Usually, the year-end affords time for reflection on the past year, with a list of hopes for the upcoming year. The circumstances this year have me rushing this note a few hours before the year ends. But in the spirit of keeping up with the tradition, here is a short note.
This year has been great, both in terms of doing, making, and working as well as slowing down, when needed.
This year started with the release of our book, “Actually, Colors Speak”. It was great to finally place the book in the world, and it made me feel accomplished. This accomplishment came not from the feedback or sales of the book, but from finishing a first-of-its-kind (for me) project. Thanks to Minhaj, Somdatta, and Rabin for being partners on this project. It was the pandemic season, so we ‘released’ the book at a memorable interaction at ISF 2022. We were able to hook up the microscope and show a bunch of specimens through the microscope and do a delightful book reading with a brilliant kid. One of the feedback for the book is visible here.
I was also able to share the process of making the book at the annual conference by GNSI, the Bioticks club, and some other invited talks. We also took the idea of color in animals to interactions with a young crowd at BIC during the summer and to the public at the metro station with Bangalore Design Week.
The new job
The second big change in my life was joining SMI as a facilitator. I have always wanted to be in an environment where I get to interact with people of diverse backgrounds and interests. This experience has been enriching for personal growth and has given me a safe space and the courage to try new and experiment. What I am most grateful for is new friendships!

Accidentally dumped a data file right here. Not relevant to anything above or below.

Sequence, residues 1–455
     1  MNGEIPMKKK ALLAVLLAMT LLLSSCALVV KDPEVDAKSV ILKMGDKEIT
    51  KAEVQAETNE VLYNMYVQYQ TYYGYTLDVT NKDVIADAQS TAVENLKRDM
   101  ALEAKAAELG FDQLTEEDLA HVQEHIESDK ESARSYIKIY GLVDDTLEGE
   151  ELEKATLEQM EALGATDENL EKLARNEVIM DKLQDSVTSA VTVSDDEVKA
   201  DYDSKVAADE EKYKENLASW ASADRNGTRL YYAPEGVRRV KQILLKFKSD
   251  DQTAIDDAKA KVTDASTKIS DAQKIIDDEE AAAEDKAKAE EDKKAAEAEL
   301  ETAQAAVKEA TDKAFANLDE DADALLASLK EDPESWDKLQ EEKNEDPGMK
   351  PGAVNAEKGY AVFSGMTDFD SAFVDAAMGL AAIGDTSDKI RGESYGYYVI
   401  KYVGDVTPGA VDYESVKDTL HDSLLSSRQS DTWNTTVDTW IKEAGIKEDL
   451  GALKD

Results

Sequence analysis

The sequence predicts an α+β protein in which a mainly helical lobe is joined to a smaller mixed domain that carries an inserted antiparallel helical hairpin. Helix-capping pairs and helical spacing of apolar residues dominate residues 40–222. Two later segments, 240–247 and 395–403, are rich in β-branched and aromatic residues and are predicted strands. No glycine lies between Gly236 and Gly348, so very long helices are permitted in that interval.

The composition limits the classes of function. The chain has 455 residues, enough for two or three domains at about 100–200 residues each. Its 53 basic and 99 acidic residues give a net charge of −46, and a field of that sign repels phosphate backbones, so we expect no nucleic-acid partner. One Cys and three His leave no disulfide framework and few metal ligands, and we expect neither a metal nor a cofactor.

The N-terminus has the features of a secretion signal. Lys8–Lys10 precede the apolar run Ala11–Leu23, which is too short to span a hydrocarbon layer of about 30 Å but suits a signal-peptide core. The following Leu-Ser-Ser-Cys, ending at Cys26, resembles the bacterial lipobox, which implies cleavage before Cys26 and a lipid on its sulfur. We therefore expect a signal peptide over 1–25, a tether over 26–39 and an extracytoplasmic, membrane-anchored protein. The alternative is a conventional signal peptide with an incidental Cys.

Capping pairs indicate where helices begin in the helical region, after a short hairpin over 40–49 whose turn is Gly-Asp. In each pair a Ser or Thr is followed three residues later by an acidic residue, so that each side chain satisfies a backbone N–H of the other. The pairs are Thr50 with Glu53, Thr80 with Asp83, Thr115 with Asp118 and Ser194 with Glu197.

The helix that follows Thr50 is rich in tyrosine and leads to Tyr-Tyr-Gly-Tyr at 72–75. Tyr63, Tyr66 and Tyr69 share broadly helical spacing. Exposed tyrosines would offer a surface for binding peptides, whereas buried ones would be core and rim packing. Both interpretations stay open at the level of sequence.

I also am learning a lot about myself as a human being, during my interaction with students. In this year, I worked with a great bunch of students to create part of an exhibit called the Interlude. The interactions and process of putting together the exhibit were a very fun-filled experience. I also got to offer a course on information visualization which led me to build a small project of my own (More on that in next year’s note, I suppose). The most interesting interaction was a course on scientific illustration and objectivity based on this brilliant essay, Image of Objectivity. As I come close to finishing a year at this new workplace, I am excited to work with students and colleagues in the time to come.
The science studies
Building on some work from the last year, I continued to work on a zine series around science. This included conversations on choices a scientist makes, the idea of beauty in science, and the sense of space and time among others. As the Indie comix fest returned to Bangalore, I was able to share this work with the public to a phenomenal response.
Some of my old zines on cells made it to an exhibit, called Bodies at Sea, by Devika and Kamini at the Archives at NCBS. I also got to present some of my work at a talk there as part of exhibit programming.
Craft in Science
This summer I spent a week at the Fly facility at NCBS, observing the folks in the lab do their thing! They make transgenic flies. Being the lab, sketching, and learning the process of ‘doing’ science, I uncovered ideas on the craft that is required to perform these time-sensitive tasks with finesse and technique that involves training of the hand. I also realized how much labor goes into science, and a whole lot of it is unrecognized. I was able to share some of it with my zine: Crafting a mutant fly. I hope, to build on this work sometime in the future.